By Alix Norman
The long hot summer is drawing to a close, and with it the cultural desert of July and August. And though, in terms of temperature, autumn in Cyprus may not be the season of mists and mellow fruitfulness, the next couple of months are certainly going to be culturally fertile: there’s the Pafos Aphrodite Festival, the annual Limassol Wine Festival and bursting onto the scene at the start of September –the grandfather of all cultural events – the Kypria International Festival.
A celebration of the performing arts, for the past two decades The Kypria International Festival has encompassed the best of both local and foreign talent, showcasing cultural events of the highest standard. With distinguished artists from the fields of dance, theatre, music, visual arts and the cinema, the Kypria Festival boasts something for everyone. Previous years have seen performances from, among others, the English National Symphony Orchestra, the Salzburg Philharmonic Chamber Orchestra, The Rhine Ballet, the National Ballet of Cuba and the National Theatre of Greece. And there must be very few people on the island who weren’t aware of John Malkovich’s outstanding performance in Infernal Comedy: Confessions of A Serial Killer, which toured under the auspices of the Festival in 2011.
With such a distinguished history, it’s hard to believe that the organisers can better their previous efforts, but they’ve certainly been working flat out to surpass themselves: as of 2013, the Cultural Services of the Ministry of Education and Culture have appointed an Artistic Director, tasked with refreshing the festival’s image and improving standards. The 32 events in this year’s series have been linked under the heading ‘Mythology, Myths and History as a source of inspiration and artistic creation’, a concept that ensures this year’s festival is already a legend in the making.
The first event falls on September 3, with the Cyprus Youth Symphony Orchestra choosing to interpret this year’s theme with a concert entitled ‘Mozart – The Life of a Legend who has marked the History of Music’, followed on September 11, 14 and 16 by three dance performances of ‘Atitlo’ by living legend Carolina Constantinou, and the play ‘A Misunderstanding Concerning the Sweet Land of Cyprus’ at the Archbishop Makarios III Amphitheatre in Strovolos.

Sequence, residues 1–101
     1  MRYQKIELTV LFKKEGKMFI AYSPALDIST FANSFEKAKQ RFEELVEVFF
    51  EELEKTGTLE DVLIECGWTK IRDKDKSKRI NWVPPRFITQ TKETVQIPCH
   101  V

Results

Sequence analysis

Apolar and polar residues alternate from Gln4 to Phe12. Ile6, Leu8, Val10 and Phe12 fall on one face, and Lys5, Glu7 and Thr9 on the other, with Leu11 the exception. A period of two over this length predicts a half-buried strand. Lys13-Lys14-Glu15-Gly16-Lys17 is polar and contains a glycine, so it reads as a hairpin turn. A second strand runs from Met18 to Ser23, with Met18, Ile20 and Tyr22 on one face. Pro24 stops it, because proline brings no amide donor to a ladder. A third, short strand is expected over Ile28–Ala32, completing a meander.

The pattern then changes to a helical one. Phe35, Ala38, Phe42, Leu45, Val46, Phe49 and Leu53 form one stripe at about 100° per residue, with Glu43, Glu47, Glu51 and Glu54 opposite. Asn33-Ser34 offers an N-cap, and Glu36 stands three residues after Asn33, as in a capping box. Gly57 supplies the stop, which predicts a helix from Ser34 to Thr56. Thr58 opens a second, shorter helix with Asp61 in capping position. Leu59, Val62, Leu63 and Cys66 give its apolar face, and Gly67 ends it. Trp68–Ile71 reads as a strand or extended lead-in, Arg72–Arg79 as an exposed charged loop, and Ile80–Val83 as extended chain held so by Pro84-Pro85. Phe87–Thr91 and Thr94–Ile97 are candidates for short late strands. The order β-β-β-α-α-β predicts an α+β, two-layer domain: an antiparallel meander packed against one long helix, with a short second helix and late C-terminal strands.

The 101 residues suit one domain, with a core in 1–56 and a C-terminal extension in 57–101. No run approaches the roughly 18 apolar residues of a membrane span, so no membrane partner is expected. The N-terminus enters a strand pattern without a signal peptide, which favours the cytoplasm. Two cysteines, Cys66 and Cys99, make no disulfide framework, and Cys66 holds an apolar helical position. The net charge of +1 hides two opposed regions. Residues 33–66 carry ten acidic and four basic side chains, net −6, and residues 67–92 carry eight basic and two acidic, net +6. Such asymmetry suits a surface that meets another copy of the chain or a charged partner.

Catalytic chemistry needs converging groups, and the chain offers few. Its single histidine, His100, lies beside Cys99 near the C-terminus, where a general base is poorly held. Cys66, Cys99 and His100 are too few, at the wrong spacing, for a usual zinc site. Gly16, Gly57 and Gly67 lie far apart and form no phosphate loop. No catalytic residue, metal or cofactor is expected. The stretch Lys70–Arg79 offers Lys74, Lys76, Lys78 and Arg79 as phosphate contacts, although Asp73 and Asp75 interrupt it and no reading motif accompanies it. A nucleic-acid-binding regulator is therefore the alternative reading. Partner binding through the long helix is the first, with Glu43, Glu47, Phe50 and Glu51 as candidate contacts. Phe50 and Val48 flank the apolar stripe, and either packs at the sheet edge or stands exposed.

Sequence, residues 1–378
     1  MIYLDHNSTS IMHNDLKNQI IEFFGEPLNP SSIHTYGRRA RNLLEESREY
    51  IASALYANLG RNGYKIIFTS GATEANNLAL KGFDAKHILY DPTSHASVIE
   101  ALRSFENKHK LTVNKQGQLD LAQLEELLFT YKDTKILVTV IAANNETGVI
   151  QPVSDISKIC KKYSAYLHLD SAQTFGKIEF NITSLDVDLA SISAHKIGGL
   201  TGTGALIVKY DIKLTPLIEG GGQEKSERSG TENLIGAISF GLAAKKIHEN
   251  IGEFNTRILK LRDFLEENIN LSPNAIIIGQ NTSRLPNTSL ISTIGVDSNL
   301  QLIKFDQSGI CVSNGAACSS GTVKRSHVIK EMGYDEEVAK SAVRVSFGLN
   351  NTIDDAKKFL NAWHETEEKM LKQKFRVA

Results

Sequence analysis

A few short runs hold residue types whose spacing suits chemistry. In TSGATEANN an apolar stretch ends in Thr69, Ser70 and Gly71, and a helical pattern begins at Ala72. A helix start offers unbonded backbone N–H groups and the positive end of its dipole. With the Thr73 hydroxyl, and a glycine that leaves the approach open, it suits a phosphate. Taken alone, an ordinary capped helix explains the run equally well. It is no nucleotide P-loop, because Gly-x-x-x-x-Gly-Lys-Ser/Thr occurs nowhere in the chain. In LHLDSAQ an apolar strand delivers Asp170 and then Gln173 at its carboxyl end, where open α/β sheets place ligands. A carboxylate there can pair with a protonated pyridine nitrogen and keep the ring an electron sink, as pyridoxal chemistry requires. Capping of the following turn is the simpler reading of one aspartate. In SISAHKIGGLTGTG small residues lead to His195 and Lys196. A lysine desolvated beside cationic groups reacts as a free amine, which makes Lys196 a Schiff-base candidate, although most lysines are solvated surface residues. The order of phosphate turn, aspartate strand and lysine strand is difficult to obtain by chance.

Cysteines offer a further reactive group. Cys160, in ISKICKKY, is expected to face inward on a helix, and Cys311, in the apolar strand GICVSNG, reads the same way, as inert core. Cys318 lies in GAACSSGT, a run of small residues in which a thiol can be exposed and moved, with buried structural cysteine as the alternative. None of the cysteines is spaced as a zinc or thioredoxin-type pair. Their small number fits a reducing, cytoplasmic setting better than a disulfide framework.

September 19, 20 and 21 see what will undoubtedly be one of the highlights of the festival: the acclaimed Spellbound Contemporary Ballet from Italy in their rendition of Carl Orff’s classic, ‘CarminaBurana’. Under the auspices of Artistic Director and Founder, Mauro Astofoli, the 100 plus performances so far have delighted audiences around the globe, playing to packed houses in countries as far afield as Austria, Thailand and Spain. With its clear links to the Kypria theme in its revitalisation of the Chaos of Pan through the harmony of Orpheus, the performance is billed as a “reckless cry of dissent, taking on taboos with the expressed desire of breaching them, consciously defying censorship and anathemas, playing cards in a daily game against death”.
Another unmissable event is the Cyprus’ Theatre Organisation’s ‘Romeo and Juliet For Two’, an adaption of what is probably Shakespeare’s best-known play. With a total of six performances (including one at Sotira Town Hall in Famagusta on October 11 – the only event of the series to take place on our eastern shores) the play is touted as “A show for the young and for all those young at heart. A crazy brain-game of cross-dressing and transformations. Two young actors and a musician discover from the beginning the deepest, the most extreme, the most poetically hilarious love of all time”.
Having begun in Nicosia, it’s fitting that the last two performances of the festival should take place in Limassol: October 16 and October 20 both see performances of ‘Mythodea’ by the Diastasis Dance Group. The basis of this dance performance is the musical composition by Vangelis Papathanassiou, written especially for NASA’s ‘odyssey’ to Mars. “’Mythodea’ is the vehicle for a trip to space of the myths contained in ancient Greek mythology: of Heaven and Earth, Mars and the children of Phobos and Demos, the Titans and the Giants,” say the organisers, and this cohesion of the myths of past and future is an apt choice for the festival’s curtain call. As the weather cools down, the cultural scene is certainly hotting up, and the Kypria International Festival offers the opportunity to enjoy your own cultural odyssey through the coming autumn.
KYPRIA INTERNATIONAL FESTIVAL 2013
For a full schedule of all 32 events, visit www.kypria.org.cy or call 7000 2212 during working hours (09:00-17:00). Tickets are available at SOEASY kiosks islandwide, TIMEOUT kiosk in Paphos and at www.soldoutticketbox.com